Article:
This Crisis Analysis case study article is a very short introduction to the Crisis Analysis report, which is part of the Quantpedia Pro offering. The report allows you to review your portfolio’s performance during 15 significant crisis periods over the last 20+ years. The report is split into two sections; the first one includes six longer time periods with significant stock market’s drawdowns. The second section contains nine short-term shocks (like the 9/11 attacks, the 2010 flash crash etc.). Each scenario shows the performance of your custom model portfolio and the S&P 500 Index’s benchmark performance, plus a short description of the selected event.
To illustrate the function of this report, we picked three simple model portfolios and we will walk you through some of the findings.
The first model portfolio consists of 100% XLU ETF (Utilities Select Sector SPDR Fund). It’s a defensive ETF, meaning it should offer a slightly better performance during crisis periods than our S&P 500 Index benchmark; however, its behaviour would still be highly correlated.
The first figure shows the performance of our strategy (in this case XLU ETF) in comparison to the benchmark S&P 500 Index during three of the long-term crisis periods. As we can see, the XLU ETF performed slightly better during the Tech Bubble Burst and the Financial Crisis of 2007-2008. Additionally, it performed significantly better during the Euro Crisis.
The performance of the XLU is more mixed during the more recent periods, but the defensive nature of XLU is still visible during the market correction at the end of 2018.
The second figure shows the performance of our strategy compared to the benchmark S&P 500 Index during three of the short-term crisis periods (out of nine we monitor). XLUs performance is almost identical to SPYs performance during The Collapse of Lehman Brothers. However, XLU significantly outperformed the benchmark in the other two situations.
The second model portfolio we analyze consists of 100% of the #005 FX Carry Trade strategy. This strategy is probably the most well-known currency trading/investment strategy. So, let’s take a look at its performance during crisis periods.
The figure below shows the performance of our strategy (in this case #005 FX Carry Trade) compared to the benchmark S&P 500 Index during three of the long-term crisis periods. As we can see, the FX Carry Trade performed much better during the Tech Bubble Burst and the Financial Crisis of 2007-2008. It also performed slightly better than the benchmark during the Euro Crisis.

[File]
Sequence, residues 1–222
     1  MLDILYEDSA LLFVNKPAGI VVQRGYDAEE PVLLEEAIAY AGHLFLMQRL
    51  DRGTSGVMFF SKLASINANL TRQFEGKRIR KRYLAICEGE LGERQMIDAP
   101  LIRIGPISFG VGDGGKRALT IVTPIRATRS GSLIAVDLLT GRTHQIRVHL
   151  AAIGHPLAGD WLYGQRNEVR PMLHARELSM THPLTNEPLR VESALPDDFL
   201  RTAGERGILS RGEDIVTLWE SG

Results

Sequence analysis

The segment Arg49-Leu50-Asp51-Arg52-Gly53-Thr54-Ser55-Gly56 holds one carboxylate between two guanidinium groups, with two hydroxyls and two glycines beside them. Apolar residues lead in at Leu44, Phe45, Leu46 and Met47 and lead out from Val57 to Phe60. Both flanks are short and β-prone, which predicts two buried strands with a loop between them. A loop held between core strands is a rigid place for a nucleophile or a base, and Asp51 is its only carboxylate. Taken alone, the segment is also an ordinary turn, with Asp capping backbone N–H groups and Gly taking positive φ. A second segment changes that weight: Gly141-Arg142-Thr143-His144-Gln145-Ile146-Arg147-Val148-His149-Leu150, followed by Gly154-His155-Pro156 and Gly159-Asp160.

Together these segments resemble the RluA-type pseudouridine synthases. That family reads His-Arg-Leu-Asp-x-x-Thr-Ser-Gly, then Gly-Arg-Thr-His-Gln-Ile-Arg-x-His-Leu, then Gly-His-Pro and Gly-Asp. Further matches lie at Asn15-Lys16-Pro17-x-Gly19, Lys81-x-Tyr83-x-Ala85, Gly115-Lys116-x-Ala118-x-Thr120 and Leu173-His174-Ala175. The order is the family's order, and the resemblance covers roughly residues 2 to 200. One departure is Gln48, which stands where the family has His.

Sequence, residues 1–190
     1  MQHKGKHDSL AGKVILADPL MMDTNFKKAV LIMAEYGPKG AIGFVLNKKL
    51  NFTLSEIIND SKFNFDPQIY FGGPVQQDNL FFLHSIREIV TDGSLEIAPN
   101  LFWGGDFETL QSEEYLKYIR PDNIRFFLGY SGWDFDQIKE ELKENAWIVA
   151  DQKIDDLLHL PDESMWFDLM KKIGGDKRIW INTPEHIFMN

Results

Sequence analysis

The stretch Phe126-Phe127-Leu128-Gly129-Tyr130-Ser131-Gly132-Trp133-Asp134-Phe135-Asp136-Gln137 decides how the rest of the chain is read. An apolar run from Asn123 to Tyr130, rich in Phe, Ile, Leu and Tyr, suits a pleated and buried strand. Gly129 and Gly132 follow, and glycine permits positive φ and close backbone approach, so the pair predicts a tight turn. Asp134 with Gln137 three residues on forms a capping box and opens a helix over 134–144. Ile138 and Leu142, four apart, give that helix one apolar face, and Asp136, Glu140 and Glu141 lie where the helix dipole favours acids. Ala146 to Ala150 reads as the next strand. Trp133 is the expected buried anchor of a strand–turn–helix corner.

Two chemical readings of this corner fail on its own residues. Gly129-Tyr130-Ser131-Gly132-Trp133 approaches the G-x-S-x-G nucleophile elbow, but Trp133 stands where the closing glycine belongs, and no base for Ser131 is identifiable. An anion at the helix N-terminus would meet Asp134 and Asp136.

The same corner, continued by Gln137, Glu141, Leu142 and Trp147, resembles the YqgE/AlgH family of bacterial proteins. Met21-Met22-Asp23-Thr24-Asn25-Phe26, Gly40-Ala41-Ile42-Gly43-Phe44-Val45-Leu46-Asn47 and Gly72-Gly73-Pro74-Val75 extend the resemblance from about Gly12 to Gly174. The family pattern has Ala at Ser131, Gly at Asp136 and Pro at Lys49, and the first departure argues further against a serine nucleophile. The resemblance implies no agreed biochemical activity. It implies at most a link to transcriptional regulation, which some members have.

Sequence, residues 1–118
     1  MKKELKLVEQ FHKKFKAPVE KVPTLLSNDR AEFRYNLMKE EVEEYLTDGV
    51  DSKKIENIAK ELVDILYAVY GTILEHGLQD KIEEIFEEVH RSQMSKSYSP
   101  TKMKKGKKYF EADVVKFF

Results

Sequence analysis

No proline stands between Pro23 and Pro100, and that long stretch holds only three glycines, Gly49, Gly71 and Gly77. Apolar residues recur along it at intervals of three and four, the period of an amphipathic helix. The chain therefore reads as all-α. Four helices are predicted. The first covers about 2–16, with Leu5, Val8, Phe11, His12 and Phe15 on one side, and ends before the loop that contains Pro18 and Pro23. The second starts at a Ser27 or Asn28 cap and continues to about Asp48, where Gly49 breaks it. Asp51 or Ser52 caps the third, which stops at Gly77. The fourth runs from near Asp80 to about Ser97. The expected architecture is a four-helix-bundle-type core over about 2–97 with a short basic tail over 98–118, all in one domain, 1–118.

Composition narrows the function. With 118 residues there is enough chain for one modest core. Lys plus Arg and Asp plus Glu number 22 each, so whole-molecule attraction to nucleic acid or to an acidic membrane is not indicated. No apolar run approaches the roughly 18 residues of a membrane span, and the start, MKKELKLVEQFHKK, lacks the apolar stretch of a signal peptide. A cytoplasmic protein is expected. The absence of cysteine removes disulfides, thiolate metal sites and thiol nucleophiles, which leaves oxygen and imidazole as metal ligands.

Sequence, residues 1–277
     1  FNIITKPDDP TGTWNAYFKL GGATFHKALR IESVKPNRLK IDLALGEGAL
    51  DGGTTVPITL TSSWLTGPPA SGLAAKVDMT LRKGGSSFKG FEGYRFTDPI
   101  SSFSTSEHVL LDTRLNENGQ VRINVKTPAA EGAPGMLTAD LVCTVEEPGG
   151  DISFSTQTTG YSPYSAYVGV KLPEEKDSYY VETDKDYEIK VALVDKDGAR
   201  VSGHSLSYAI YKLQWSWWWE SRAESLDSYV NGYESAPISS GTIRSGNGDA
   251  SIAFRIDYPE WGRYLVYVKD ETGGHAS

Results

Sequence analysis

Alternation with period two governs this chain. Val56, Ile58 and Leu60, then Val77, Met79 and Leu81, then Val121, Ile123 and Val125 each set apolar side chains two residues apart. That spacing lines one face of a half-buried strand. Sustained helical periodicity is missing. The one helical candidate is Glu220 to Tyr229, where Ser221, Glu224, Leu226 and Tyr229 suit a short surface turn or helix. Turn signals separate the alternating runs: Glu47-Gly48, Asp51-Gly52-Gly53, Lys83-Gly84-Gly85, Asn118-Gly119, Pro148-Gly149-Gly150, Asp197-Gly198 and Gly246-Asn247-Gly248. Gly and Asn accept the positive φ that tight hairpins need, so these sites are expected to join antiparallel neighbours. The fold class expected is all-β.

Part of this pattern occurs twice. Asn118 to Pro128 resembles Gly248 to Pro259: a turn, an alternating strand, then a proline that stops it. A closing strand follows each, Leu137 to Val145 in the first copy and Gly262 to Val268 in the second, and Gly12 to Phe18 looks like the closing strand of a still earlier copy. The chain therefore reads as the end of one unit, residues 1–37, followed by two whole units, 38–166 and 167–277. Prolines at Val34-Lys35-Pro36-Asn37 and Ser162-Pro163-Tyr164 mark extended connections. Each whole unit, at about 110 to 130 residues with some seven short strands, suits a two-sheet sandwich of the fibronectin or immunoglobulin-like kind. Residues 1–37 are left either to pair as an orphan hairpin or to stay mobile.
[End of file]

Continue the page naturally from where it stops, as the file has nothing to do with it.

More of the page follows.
Once again, the performance of the Carry strategy is more mixed during the more recent periods, especially in the recent coronavirus crisis period.
The second figure shows the performance of the #005 FX Carry Trade strategy compared to the benchmark S&P 500 Index during three of the short-term crisis periods. FX Carry Trade outperformed the benchmark in all three situations. But still, FX Carry Trade performance is in its behaviour similar to the first model portfolio, which held XLU ETF – the correlation to the S&P 500 Index benchmark is still high.
The last model portfolio we picked for this analysis consists of 100% of the #281 – Skewness Effect in Commodities strategy. Academic studies explain the skewness effect in all assets by investors willing to pay a higher price and earn a lower expected return on assets with lottery-like payoffs. Let’s now take a look at how this strategy performs during the crisis.
The first figure shows our portfolio compared to the benchmark during the long-term periods. As we can see, our portfolio not only performed better than the benchmark, its performance is growing in all three scenarios of older crisis.
The Skewness strategy shows profitable behaviour also during the more recent crisis periods.
The figure below shows the performance during three short-term crises (out of nine periods we monitor in this section). As we can see, the performance is growing even during these time periods. The Skewness strategy not just outperforms the benchmark S&P 500 Index during crisis but can probably serve as a hedge.
Now, it could be interesting to see how would a model portfolio created by combining all three of these strategies behave during times of crisis. So lastly, let’s look at an equally-weighted portfolio consisting of XLU ETF (Utilities Select Sector SPDR Fund), #005 FX Carry Trade and #281 – Skewness Effect in Commodities.
Looking at the figure above, we can say that our portfolio performs well during all six of the long-term crisis periods.
Additionally, the figure below shows the performance of our model portfolio during the short-term crisis periods. As we can see, the portfolio performed well even during the short-term crises. The combination of hedging Skewness strategy and the Carry trade strategy and XLU ETF has a smoother equity curve with lower drawdowns during crisis periods.
Overall, the Crisis Analysis tool will help you to understand the behaviour of your custom model portfolio during times of crisis.
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